Anthony De La Cruz intently focused on his computer screen, working out the details of mixing songs from Chris Brown, Pitbull and Justin Bieber into music tracks that he could share with his friends.
“I want to make mixes that can benefit my community,” said the 15-year-old De La Cruz.
De La Cruz, a Redwood City resident, worked on his project in the newly established computer lab at the Boys & Girls Club of the Peninsula in Menlo Park, which was unveiled Thursday afternoon.
Peninsula politicians, club leaders and members, as well as representatives from Microsoft and AMD Technologies, which donated the computers and programs, attended the grand opening and ribbon-cutting ceremonies for the Tech Center of Excellence.
Palo Alto Mayor Sid Espinosa, who participated in the ceremonial ribbon cutting, spoke briefly to address the need for youth to prepare themselves for pursuing higher education and a career.
“We want to make sure that everyone in this community learns technology,” said Espinosa, who also serves as the director of corporate citizenship for Microsoft. “That is the future.”
Espinosa said the collaboration between two giants in the technology sector will help close the digital divide, in which underprivileged communities suffer from limited access to quality computers.
“I’m thrilled at the work that is going on here,” said Espinosa.
Antonisha Fuller, a member of the , said she believed that the amenities donated will enable local children to do their homework and excel in school.
Mike Woollems, corporate vice president of finance at AMD, said his company decided to donate its products to the club, in part because of the graduation rate of its members.
Woollems said 88 percent of the club members in Menlo Park graduate from high school, a significantly higher rate than similar communities throughout the nation.
He also said that he hopes the computers and programs donated will go toward increasing the amount of high school graduates from the club in the future.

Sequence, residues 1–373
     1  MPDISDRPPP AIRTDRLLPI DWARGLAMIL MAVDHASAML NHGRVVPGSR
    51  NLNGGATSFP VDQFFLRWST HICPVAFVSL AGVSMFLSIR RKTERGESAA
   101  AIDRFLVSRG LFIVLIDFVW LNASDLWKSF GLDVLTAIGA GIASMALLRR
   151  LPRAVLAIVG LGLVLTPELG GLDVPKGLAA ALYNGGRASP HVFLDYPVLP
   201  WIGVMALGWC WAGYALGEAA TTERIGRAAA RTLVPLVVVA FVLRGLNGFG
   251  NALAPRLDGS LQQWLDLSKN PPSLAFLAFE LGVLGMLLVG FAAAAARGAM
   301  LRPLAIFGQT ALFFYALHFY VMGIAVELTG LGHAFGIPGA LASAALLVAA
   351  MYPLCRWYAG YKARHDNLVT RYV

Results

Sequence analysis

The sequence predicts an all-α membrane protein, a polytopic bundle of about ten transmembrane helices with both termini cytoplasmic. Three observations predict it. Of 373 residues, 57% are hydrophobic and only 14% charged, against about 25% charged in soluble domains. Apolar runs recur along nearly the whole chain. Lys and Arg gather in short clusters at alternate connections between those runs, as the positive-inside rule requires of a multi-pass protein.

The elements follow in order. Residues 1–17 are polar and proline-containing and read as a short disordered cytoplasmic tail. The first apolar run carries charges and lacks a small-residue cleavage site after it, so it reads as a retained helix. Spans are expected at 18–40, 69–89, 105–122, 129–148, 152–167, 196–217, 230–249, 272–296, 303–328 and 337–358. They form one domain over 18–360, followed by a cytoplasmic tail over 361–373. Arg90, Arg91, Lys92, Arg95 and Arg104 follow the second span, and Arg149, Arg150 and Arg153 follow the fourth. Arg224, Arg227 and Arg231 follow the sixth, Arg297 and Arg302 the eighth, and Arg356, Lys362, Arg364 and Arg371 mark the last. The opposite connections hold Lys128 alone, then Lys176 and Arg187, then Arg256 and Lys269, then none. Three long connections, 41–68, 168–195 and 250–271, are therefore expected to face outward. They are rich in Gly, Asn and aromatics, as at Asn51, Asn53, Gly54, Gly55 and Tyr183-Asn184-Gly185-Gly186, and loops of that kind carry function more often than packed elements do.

“We want to up that graduation rate even more,” Woollems said.
AMD hopes that by donating the equipment and programs, interest for computer programming can be sparked in club members, who will go on to pursue careers in the technology field, said Woollems.
The computers and programs donated opened doors for club members to pursue their interest in a wide variety of opportunities, such as using technology to make music.
Alfonso Oseguera, a worker at the Boys & Girls Club, assisted interested club members in learning how to work the studio program and make music mixes, such as the one that De La Cruz was making.
Oseguera also said the program he taught club members, called Acid Studio, could allow them to produce their own music, once they fully understood its potential.
De La Cruz said he appreciated the donation by Microsoft and AMD, because of the opportunities the new lab presents to him.
“It’s a real privilege to be here and be able to use this equipment,” he said. “And it shows a real commitment to the community by these companies.”
Espinosa said he was excited about what kind of projects and creativity may be produced in the new lab.
“I look forward to the potential of the new center,” he said.